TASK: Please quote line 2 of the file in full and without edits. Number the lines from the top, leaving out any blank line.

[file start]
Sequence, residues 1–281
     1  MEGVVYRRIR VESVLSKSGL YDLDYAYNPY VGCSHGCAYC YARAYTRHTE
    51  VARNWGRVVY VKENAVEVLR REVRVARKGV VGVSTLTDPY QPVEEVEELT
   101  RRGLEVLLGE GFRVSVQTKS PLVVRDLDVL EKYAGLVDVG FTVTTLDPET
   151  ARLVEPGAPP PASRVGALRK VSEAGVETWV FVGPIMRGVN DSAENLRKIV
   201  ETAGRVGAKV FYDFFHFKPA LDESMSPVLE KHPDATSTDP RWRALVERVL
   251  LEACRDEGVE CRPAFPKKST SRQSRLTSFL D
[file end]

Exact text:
     1  MEGVVYRRIR VESVLSKSGL YDLDYAYNPY VGCSHGCAYC YARAYTRHTE